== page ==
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Never a Firing Offense: FEMA PR Frauds Move On and Up

October 28, 2007

One of the hallmarks of Bush administration has been its steadfast commitment to rewarding its own incompetence, fraud and even criminality. While Katrina fall-guy Michael Brown was quietly edged out, the leading architects of the fiasco in Iraq including George Tenet, Tommy Franks and Paul Bremer received Presidential Medals of Freedom. Now in the latest example of President Bush's mantra that "nothing succeeds like failure," Harvey Johnson has escaped punishment for his bogus FEMA press conference on Thursday, while his PR flack John Philbin is moving on to greener pastures at the office of the Director of National Intelligence.
Even by the standards of a Bush White House committed to using rented reporters, purchased pundits, rigged rallies, scripted sessions, fake news and pseudo-science to alter political debate and reality itself, FEMA's faux news conference was particularly ham-handed. Just a day after defending the White House's editing of a CDC report to Congress and praising the health benefits of global warming, Dana Perino claimed "It is not a practice that we would employ here at the White House or that we - we certainly don't condone it." Department of Homeland Security spokeswoman Laura Keehner called Johnson's performance a "stunt" that was "inexcusable to the secretary."
The reaction of DHS Secretary Michael Chertoff is particularly telling - and comical. Chertoff, after all, told Americans in July he had a "gut feeling" that Al Qaeda would strike again in the U.S., just days before President Bush's interim Iraq surge progress report. Chertoff also played the blame the victim game as Hurricane Katrina swamped both New Orleans and his beleagured FEMA. "The critical thing was to get people out of there before the disaster," Chertoff said on September 1, 2005, adding, "Some people chose not to obey that order. That was a mistake on their part."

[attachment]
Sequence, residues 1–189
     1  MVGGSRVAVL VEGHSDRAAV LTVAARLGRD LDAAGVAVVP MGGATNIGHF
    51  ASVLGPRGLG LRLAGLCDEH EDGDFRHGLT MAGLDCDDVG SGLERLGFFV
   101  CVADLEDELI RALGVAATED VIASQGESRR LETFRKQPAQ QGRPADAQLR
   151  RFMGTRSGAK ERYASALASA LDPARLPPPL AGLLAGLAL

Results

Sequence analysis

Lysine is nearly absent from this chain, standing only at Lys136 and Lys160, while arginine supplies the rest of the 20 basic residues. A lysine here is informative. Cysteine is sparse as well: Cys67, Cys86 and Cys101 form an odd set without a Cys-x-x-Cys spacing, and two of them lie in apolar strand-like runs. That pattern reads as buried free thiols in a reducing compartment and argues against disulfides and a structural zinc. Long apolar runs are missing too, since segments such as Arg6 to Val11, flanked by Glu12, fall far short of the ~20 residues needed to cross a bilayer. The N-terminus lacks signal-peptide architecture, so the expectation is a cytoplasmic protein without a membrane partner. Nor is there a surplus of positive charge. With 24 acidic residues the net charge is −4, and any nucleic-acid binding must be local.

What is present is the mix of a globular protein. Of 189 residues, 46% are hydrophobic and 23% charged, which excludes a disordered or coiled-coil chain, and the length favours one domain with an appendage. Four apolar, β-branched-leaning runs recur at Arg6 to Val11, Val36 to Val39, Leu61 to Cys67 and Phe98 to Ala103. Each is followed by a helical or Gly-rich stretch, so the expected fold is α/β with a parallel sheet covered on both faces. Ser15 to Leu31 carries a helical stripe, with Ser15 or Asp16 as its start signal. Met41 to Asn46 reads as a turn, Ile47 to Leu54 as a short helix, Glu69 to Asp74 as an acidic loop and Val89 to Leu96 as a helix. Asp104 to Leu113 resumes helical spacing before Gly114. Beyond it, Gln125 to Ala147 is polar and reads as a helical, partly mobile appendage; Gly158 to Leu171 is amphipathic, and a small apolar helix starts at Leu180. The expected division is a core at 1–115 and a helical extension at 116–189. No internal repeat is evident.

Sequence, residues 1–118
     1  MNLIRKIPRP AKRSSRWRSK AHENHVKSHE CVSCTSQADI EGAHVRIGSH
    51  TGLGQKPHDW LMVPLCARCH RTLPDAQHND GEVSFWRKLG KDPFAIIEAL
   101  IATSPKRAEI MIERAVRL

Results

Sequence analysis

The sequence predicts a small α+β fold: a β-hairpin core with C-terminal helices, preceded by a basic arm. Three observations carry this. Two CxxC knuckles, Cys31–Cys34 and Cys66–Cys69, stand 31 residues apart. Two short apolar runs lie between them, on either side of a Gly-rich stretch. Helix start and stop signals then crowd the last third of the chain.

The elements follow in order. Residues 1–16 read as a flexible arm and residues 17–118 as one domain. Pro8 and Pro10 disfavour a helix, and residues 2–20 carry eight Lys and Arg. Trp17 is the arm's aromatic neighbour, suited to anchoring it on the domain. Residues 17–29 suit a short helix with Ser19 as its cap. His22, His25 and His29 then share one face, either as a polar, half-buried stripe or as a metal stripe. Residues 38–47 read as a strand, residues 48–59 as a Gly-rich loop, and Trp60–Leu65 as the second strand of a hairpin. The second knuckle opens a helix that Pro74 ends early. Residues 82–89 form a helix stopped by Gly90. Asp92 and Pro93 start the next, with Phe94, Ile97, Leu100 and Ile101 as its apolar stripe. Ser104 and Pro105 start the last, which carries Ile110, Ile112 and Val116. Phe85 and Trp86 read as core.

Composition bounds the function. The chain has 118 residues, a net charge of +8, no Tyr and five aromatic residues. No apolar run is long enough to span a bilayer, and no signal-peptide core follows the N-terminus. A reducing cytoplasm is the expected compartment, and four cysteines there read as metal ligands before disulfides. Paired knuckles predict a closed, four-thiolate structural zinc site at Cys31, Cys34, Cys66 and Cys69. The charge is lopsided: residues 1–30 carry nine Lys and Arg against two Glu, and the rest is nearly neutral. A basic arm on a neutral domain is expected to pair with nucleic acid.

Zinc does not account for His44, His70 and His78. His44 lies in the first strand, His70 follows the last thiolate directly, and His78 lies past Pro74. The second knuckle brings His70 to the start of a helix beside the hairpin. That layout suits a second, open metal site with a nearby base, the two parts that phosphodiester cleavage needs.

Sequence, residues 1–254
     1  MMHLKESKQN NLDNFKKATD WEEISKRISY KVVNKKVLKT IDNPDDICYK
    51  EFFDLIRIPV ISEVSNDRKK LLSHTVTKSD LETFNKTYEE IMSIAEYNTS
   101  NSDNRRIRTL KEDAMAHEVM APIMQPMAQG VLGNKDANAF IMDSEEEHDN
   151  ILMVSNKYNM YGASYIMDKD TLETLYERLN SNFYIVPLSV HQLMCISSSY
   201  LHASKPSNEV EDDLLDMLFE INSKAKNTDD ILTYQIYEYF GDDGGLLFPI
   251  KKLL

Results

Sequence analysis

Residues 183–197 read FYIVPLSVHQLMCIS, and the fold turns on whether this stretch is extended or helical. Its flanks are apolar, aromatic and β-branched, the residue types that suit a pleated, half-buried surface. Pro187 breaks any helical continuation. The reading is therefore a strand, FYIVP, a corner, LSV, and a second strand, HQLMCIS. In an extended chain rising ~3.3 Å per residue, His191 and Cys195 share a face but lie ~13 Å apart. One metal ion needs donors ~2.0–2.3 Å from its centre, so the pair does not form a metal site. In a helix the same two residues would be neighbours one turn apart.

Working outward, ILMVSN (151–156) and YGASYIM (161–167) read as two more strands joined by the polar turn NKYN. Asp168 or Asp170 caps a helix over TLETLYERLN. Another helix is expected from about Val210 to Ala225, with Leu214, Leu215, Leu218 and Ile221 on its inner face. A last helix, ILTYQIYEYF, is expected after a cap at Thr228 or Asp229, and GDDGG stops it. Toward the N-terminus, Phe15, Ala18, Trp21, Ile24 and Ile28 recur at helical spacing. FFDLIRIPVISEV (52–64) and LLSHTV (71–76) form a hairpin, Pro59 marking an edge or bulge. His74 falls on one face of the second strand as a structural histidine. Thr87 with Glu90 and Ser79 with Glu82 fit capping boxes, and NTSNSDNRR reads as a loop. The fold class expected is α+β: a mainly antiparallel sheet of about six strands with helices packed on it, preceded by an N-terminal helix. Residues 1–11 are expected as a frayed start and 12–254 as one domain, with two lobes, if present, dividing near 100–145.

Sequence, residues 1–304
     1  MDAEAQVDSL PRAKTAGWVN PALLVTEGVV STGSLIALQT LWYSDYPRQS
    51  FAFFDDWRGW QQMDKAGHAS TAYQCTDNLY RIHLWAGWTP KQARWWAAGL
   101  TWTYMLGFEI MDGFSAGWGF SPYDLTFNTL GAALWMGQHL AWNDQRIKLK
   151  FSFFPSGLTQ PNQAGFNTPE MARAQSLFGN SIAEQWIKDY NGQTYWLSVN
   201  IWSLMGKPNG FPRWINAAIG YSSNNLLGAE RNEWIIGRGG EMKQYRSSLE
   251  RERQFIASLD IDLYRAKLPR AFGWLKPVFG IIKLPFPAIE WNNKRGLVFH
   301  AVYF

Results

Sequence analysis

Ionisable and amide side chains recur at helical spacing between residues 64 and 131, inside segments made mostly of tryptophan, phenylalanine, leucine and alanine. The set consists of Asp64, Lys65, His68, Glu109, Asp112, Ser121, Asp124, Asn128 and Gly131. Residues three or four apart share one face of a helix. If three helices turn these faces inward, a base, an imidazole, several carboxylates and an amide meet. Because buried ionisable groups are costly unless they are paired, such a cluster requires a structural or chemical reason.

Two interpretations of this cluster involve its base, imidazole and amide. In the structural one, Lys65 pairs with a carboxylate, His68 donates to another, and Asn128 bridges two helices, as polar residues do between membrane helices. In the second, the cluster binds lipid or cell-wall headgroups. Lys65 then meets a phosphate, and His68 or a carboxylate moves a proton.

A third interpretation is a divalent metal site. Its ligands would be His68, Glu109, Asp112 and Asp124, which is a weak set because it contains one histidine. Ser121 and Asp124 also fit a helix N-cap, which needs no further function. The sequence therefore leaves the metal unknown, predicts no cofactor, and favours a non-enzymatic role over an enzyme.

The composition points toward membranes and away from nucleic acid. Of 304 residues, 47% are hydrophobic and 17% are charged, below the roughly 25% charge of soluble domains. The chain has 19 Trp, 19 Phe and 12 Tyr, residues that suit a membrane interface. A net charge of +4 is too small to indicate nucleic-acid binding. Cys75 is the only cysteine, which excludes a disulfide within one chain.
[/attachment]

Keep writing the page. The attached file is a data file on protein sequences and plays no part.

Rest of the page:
And yet even a bungler of historical proportions as Chertoff was moved to criticize (though not punish) his own FEMA team for its dalliance with staged news. As the Washington Post reported Saturday:

"I think it was one of the dumbest and most inappropriate things I've seen since I've been in government," Michael Chertoff said.
"I have made unambiguously clear, in Anglo-Saxon prose, that it is not to ever happen again and there will be appropriate disciplinary action taken against those people who exhibited what I regard as extraordinarily poor judgment," he added.
Asked specifically if he planned to fire anyone at FEMA, which is part of his department, Chertoff declined to say, citing personnel rules. "There will be appropriate discipline."

For his part, Admiral Harvey Johnson, the FEMA deputy administrator, offered the usual Republican unpology his premeditated effort to deceive the American people. In a statement Friday, Johnson reduced his agency's Goebbelsesque disinformation scheme to an ill-timed fart:

"We are reviewing our press procedures and will make the changes necessary to ensure that all of our communications are straight forward and transparent...We can and must do better, and apologize for this error in judgment."

Meanwhile, Director of External Affairs John Philbin, the PR point-man for Johnson's fraud, has resigned from FEMA to take on a new role at the Office of the Director of National Intelligence. (His resignation apparently pre-dated Thursday's sham press conference.) With no apparent sense of irony, Philbin declared Friday:

"It was absolutely a bad decision. I regret it happened. Certainly...I should have stopped it. I hope readers understand we're working very hard to establish credibility and integrity, and I would hope this does not undermine it."

For his impersonation of Baghdad Bob, Saddam's former Minister of Information, Philbin wasn't shown the door, but instead got a move up the ladder. Philbin will now bring his skills to bear for Michael McConnell, the Director of National Intelligence. There, he can help his boss the DNI perfect new deceptions and false claims, such as the bogus assertions that new FISA rules were central to breaking up the German terror plot or expanded surveillance powers are needed to prevent kidnappings of U.S. troops in Iraq.
And so it goes with the Bush administration's ethos of rewarding wrong-doing. There are no firing offenses. The merely embarrassing or inconvenient, such as Michael Brown or Paul O'Neill, are quietly shunted aside. The actions are Bush loyalists are glossed over, as in the Johnson case, or as with prosecutor purge figure Sara Taylor, are rewarded with high-paying posts in reliably Republican lobbying firms. And for those who know the most and share responsibility with the President for the calamities most damaging to the United States, they get a medal from Bush himself.


About

Jon Perr
Jon Perr is a technology marketing consultant and product strategist who writes about American politics and public policy.

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